recently showed the efficacy of a graph spectral method in
*
Indian Institute of Science, Bangalore 560 012, India. E-mail:
[email protected]
Published online xx Month 2001
identifying conserved residue clusters among structurally
similar proteins with very low sequence homology15 and in
identifying topologically similar backbone clusters in a
family of protein structures.16 The advantage of a graph
spectral method is that it uses the global information of
nonbonded interactions in the protein molecule to identify
clusters. The nonbonded interaction is represented mathematically in the form of a connected graph; clusters and
cluster centers are obtained from the eigenvalues and
eigenvectors of the constructed graph (see Materials and
Methods).
This procedure has been used in the present study to
identify backbone clusters in a dataset of 36 ␣/␤ barrel
proteins. Clusters in the ␤ barrel region were identified in
all the proteins. The identified clusters are topologically
conserved across protein families and sequentially conserved within their own family, emphasizing the fact that
the identified clusters are crucial for stabilizing the TIM
barrel fold. Residues that form the active site of the protein
are also found to occur as part of clusters. Nucleation sites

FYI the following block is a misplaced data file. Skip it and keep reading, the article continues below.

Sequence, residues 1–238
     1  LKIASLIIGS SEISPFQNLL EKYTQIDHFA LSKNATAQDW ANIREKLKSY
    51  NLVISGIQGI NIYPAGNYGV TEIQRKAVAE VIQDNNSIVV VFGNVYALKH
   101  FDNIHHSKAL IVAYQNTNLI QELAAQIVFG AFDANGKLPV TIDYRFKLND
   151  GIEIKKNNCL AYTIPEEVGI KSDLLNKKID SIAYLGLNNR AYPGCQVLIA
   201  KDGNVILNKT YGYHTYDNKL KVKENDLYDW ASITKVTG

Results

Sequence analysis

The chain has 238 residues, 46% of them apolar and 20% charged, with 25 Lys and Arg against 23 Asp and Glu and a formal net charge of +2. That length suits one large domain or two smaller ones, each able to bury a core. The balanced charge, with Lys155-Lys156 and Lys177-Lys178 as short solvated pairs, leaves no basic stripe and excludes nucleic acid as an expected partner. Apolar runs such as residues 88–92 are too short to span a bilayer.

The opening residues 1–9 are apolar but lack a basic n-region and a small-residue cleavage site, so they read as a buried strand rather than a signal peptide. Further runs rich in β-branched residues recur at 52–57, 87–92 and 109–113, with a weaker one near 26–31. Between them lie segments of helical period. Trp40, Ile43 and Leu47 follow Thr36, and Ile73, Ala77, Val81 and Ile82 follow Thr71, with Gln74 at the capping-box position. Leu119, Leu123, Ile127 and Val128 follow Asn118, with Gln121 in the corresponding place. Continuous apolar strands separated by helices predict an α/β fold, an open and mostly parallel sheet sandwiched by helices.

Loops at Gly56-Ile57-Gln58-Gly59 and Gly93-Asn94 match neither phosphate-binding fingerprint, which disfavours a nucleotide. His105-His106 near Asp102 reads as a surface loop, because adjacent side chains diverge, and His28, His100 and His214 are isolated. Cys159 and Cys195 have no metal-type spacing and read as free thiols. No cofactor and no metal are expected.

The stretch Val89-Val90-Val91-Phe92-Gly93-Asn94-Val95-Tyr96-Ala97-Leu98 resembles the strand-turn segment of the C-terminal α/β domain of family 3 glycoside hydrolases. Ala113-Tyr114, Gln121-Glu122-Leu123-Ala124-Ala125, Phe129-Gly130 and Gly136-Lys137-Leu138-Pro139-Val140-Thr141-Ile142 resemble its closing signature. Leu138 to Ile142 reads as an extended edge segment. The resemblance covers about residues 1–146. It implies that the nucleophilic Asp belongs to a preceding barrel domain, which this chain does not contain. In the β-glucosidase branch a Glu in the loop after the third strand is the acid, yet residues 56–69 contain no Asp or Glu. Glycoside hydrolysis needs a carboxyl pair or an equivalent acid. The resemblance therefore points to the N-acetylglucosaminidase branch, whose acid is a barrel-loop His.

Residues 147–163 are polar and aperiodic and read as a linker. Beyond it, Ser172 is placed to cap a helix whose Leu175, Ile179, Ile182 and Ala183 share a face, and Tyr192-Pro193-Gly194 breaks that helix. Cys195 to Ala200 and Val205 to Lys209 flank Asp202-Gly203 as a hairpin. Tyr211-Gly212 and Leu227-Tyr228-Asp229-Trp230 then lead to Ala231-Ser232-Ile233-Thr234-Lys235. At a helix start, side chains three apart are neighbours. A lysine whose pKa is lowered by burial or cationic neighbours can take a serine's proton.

that are important from the folding perspective of the ␣/␤
barrel fold are predicted.
MATERIALS AND METHODS
Fig. 1.
1juk.
Connected graph representation for the protein molecule
Data Set
A representative data set of 36 (␣/␤)8 barrel proteins of
resolution ⬎2.5 Å and the average sequence identity less
than 10% between any two proteins considered for the
present study. The Protein Data Bank (PDB) codes of the
36 selected proteins are 1a0c, 1a3x, 1ad1, 1ado, 1ads,
1b4k, 1b54, 1b5t, 1bf6, 1bpl, 1bqc, 1btm, 1c0d, 1ceo, 1cnv,
1dos, 1edg, 1juk, 1luc, 1nar, 1pdy, 1pym, 1qap, 1qat, 1qtw,
1smd, 1tax, 1tml, 1ttp, 2ebn, 2myr, 2tmd, 2tps, 5ptd, 7a3h,
and 8ruc and were obtained from the recent release of the
PDB.17
Identification of Clusters by a Graph Theoretical
Approach
Residue clusters in the protein structures adopting the
␣/␤ barrel fold are identified by a novel graph theoretical
approach. The protein molecule is represented in the form
of connected graph wherein the C␣ atoms of the residues
from the nodes of the graph and all the C␣ atoms that occur
within a spatial distance of 6.5 Å to a given C␣i are
connected by an edge corresponding to an edge weight of 1.